Influenced by the historical phenomenon of the Wunderkammer, erudite collections of natural history, geology, ethnography, archeology, historical relics and antiquities, and the Victorian penchant for the invention of mechanical technology and the exploration of science through the collecting of naturalia, Jessica Joslin creates exquisite and intricate creature-sculptures from a fusion of bone, brass, antique hardware and other scavenged treasures. The artist is always on the search for material, as she explained: “I find things anywhere that I find myself…in obscure junk shops, flea markets, attics, taxidermy supply houses, specialty hardware distributors… or walking through the woods.”
Her creatures have clearly not lived out any biological or evolutionary imperative. They are products of a more treacherous environment: mankind and our civilization. It is human detritus that makes up their feathers and beaks, bright unblinking eyes and onyx toenails, silver wings, and the soft, inviting leather or fabric of their ears or bellies. By encrusting the skeletons with so many charming discarded riches, Joslin reminds us of our capacity to treasure an object, only to cast it aside when something else catches our eye.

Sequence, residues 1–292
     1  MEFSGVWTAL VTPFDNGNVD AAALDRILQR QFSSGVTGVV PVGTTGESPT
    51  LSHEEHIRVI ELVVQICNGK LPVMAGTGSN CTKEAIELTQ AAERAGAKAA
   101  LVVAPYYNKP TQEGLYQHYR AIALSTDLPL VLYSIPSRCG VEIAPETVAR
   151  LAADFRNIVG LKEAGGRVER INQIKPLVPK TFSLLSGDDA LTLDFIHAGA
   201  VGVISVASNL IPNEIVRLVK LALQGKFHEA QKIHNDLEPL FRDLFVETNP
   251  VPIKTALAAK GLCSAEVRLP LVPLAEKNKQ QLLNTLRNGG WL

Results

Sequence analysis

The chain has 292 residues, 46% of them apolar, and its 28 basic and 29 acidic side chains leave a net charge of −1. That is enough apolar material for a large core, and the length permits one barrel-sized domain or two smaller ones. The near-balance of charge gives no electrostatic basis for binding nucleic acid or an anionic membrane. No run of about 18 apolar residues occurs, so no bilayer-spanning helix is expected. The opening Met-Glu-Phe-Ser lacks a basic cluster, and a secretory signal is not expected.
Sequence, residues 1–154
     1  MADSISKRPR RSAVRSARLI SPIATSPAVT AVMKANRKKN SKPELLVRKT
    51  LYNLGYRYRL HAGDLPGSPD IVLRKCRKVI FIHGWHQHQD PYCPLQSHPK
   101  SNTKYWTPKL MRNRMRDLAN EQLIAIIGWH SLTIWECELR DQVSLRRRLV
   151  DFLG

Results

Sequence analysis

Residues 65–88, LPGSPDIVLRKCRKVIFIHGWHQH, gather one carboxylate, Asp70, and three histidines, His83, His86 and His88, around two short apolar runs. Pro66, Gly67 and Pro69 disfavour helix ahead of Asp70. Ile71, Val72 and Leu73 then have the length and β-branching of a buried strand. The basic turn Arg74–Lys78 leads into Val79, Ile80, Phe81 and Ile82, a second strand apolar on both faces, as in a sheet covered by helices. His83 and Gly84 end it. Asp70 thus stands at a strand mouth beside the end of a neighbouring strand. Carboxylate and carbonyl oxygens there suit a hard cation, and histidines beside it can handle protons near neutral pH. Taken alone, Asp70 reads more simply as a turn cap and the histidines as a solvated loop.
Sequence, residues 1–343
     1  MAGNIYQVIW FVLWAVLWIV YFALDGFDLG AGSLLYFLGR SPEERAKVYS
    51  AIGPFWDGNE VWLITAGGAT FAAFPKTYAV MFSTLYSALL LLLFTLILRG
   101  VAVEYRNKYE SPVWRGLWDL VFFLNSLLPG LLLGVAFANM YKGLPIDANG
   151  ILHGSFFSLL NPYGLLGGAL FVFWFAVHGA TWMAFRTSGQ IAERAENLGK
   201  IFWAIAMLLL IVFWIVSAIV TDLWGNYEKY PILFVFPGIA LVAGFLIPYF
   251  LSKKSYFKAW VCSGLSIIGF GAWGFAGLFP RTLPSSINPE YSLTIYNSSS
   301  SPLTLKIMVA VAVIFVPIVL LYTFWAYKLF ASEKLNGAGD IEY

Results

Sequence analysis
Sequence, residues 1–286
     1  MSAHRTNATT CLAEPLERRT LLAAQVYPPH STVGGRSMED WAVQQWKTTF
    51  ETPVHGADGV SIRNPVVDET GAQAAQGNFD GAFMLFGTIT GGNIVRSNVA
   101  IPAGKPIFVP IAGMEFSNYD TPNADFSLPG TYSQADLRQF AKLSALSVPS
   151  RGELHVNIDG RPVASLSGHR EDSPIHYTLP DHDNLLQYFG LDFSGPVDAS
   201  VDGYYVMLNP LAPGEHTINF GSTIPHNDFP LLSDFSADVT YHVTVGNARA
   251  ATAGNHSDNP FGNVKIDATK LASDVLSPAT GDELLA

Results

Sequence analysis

Joslin received her BFA from the School of the Art Institute of Chicago. Regarding the study of animal anatomy, she describes herself as an intrigued autodidact. She has a strong affinity for animals and creates replica bones for any of her works that reference protected or endangered species. For any sculptures that incorporate real animal bones, she works with licensed osteological suppliers, whose specimens are legally and ethically sourced.